Hero's terror mission will keep you gripped
YP intern Bimal Mirwani
Published by Corgi Books
M any action thriller writers use the central idea in their books of a protagonist, or main character, who fights for good against an antagonist, or opponent, who aims to stop him.
However, Frederick Forsyth's novel, The Afghan, gives this idea a little twist; his hero pretends to be a bad man - and watches as bad things happen - so that good can defeat evil in the end.
The hero is a retired, former US Special Forces soldier, Colonel Mike Martin, who has fought in war zones, including Bosnia, Sierra Leone and Northern Ireland.
After the West suspects that a terrorist attack is being planned by al-Qaeda, Martin is asked to take on what may be his most difficult mission; he must pretend to be Izmat Khan - a Taliban freedom fighter known by many people simply as 'The Afghan' - so he can help prevent the attack.
With Khan held prisoner by the West, Martin - a skilled linguist who has lived among the tribesmen in Afghanistan for many years - takes his place and attempts to fool the al-Qaeda terrorists into revealing their target.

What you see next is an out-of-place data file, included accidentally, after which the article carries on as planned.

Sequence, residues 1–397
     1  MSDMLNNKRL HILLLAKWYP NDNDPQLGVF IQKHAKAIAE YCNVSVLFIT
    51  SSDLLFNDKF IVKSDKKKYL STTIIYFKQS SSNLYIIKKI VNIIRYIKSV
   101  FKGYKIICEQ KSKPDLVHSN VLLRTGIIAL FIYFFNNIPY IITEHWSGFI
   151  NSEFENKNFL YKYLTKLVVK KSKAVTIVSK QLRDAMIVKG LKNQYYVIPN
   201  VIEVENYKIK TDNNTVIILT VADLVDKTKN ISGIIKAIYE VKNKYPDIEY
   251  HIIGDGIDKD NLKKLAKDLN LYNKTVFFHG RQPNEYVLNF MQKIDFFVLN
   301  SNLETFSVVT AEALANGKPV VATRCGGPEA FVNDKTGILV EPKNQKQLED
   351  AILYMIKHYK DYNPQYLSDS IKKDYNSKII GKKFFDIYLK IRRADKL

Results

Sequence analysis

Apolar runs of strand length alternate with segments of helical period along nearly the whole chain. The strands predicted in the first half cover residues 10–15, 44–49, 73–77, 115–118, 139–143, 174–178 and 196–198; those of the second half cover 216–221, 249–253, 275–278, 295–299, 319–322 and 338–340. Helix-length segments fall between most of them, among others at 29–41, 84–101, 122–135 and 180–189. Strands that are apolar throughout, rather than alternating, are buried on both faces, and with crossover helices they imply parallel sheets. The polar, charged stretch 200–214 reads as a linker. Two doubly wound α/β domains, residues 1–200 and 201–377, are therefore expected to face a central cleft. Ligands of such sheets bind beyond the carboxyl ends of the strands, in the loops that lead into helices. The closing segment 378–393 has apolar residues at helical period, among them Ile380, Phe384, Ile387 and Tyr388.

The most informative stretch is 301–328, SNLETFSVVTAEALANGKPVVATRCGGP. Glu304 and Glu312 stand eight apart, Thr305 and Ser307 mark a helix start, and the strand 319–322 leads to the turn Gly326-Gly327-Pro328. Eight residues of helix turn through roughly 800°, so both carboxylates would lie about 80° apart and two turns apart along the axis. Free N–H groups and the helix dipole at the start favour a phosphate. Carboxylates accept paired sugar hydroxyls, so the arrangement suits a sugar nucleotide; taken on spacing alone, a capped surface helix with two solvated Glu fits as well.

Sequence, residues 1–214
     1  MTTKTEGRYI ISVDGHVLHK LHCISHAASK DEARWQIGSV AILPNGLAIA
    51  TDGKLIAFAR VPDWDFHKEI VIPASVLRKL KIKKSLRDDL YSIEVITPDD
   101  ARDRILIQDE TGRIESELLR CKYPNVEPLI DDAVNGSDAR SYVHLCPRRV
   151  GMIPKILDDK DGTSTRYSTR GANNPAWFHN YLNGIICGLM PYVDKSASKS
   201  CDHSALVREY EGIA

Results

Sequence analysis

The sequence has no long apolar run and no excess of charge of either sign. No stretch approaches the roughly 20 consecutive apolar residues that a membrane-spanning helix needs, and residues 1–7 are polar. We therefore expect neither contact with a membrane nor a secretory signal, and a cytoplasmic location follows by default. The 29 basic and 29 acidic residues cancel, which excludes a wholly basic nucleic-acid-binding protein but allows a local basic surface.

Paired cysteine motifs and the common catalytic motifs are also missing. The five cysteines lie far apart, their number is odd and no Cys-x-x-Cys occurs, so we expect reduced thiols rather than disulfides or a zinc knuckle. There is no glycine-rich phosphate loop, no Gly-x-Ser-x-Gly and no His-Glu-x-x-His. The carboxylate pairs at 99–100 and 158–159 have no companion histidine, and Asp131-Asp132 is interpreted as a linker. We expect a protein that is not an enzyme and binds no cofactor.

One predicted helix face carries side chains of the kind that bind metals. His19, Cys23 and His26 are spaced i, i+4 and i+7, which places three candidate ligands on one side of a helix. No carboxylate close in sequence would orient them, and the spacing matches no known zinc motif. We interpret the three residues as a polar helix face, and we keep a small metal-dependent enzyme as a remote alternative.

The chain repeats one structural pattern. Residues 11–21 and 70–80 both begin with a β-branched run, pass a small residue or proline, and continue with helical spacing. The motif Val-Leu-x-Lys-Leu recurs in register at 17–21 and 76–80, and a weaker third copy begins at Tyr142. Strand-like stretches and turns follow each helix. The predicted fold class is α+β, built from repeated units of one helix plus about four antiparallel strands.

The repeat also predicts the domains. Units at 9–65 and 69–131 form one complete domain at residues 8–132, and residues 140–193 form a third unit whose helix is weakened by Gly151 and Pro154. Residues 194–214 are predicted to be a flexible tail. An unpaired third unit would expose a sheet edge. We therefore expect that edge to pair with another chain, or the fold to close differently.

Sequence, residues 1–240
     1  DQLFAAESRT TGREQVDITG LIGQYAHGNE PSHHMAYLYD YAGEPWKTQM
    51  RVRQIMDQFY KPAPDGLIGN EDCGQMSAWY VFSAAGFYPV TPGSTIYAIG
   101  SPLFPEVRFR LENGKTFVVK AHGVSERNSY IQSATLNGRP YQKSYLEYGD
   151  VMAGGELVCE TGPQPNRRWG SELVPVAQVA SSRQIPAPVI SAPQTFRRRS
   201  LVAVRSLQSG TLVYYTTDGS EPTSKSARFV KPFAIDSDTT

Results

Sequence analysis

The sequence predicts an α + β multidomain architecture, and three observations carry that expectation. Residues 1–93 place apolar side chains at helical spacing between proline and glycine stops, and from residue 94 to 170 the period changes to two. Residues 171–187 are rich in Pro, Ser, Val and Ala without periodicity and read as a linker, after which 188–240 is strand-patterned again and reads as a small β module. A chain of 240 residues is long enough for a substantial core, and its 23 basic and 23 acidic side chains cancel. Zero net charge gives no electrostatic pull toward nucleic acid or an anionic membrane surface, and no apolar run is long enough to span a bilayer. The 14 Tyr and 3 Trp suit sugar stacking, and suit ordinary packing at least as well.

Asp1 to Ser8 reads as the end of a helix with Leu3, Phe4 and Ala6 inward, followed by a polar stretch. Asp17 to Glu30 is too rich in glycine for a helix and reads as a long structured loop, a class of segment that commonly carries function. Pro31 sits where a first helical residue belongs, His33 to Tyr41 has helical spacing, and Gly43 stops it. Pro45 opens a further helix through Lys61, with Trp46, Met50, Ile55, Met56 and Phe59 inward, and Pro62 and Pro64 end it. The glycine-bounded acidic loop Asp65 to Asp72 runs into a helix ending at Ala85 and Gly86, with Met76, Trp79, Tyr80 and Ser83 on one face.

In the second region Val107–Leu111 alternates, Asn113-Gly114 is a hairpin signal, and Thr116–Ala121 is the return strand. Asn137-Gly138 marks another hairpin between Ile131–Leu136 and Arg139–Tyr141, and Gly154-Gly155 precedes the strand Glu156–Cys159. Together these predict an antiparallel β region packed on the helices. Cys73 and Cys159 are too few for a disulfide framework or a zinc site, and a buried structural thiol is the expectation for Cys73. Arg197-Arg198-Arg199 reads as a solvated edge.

Martin - playing the role of 'The Afghan' - pretends he has escaped from captivity and joins up with a group of terrorists.
He learns that plans for the attack against the West have already started, with a group of terrorists hijacking an oil tanker. This ship will then be used to carry out the attack. But what is the target - and when?
Acting on his own - while in increasing danger of being discovered - he must try to stop the terrorists. But things do not go according to plan.
Forsyth's latest thriller is his most gripping so far. Wondering whether Martin can succeed in his mission is the key that will keep the hearts of readers racing nervously - and them unable to put the book down until they have got to the very end.